John Miller peeled the top off a crate of one of numerous “bee boxes” piled in eight orderly stacks outside a cattle grazing field outside Gackle, North Dakota. There was hardly a buzz in the air. There is nothing, and Miller muttered as he squirmed with a few dozen bees as he took a plastic hive frame from the package.
According to more than a dozen interviews with farmers, bee experts, economists, and farm industry groups, a scorching drought slashes honey production in North Dakota, the top producing state of the sweet syrup.
Miller and other Midwest apiarists transport their drought-stressed insects by truck to California almond farms in the winter to pollinate orchards in the world’s top producer of the nuts. As a result, the drought’s impact will be felt well beyond North Dakota. Shriveled alfalfa fields and dry pastures usually burst with sweet clover and gumweed feed bees with little nectar this summer.
The scarcity of robust bee colonies, as well as the more excellent price of leasing them for pollination services, will exacerbate the difficulties faced by West Coast growers already contending with drought and, in California, skyrocketing water expenditures. It could also add to the already-exorbitant prices that people are paying at the grocery store.
The 2.7 million managed honey bee colonies in the United States, one in every five of which is in North Dakota, are critical to pollinating a wide range of crops, including cherries, peaches, almonds, and apples. According to U.S. government data, income from pollination services was $254 million in 2020. Many beekeepers harvest honey in the northern Midwest and Plains throughout the summer. Bees forage on grasslands and rangelands. They harvest what honey the bees do not swallow or stow away to feed their young.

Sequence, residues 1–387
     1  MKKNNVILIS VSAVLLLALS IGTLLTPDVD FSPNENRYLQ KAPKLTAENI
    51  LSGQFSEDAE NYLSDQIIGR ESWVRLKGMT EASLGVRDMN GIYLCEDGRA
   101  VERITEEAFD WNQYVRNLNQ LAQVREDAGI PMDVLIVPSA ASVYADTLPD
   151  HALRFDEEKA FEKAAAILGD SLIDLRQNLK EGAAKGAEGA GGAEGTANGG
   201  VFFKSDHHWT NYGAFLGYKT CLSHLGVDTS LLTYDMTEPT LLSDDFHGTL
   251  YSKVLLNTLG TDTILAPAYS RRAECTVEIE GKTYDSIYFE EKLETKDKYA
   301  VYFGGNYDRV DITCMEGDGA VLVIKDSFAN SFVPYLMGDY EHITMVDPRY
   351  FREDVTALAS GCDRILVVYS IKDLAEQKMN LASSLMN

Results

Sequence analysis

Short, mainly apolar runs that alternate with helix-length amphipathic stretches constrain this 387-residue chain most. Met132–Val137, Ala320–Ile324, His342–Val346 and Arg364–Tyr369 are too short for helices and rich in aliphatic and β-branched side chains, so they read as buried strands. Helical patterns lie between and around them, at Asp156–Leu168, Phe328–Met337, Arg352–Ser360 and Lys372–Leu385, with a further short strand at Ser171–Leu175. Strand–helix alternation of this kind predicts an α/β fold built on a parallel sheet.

According to the United States Department of Agriculture, North and South Dakota, Montana, and Minnesota produced 46 percent of all honey produced in the United States last year. During the fall and winter, apiarists transport the beehives to milder regions such as California. There they generate vital money by leasing colonies to fruit and nut farms to pollinate crops.
According to agricultural economist Brittney Goodrich, California’s drought-stricken almond growers, who account for roughly 80% of global production, may be in for a surprise come September. Last year, almond growers needed approximately 2.5 million colonies to pollinate acres. This number had more than doubled in the previous 15 years. This happened due to increased demand for almond milk and health items. According to Goodrich, that accounted for almost 88 percent of all managed hives in the United States. They added that the supply of vigorous packs would be scarce this year. Ben King, an almond farmer, has already seen his pollination costs climb from $210 to $230 per hive. Demand for robust colonies has exceeded supply, and beekeepers pass on their higher costs.
Meanwhile, the drought is significantly reducing bee supplies. The beekeeper for King will only promise him 675 hives for the upcoming season. The number went down from the 700 he regularly rents for his orchards near Arbuckle, California.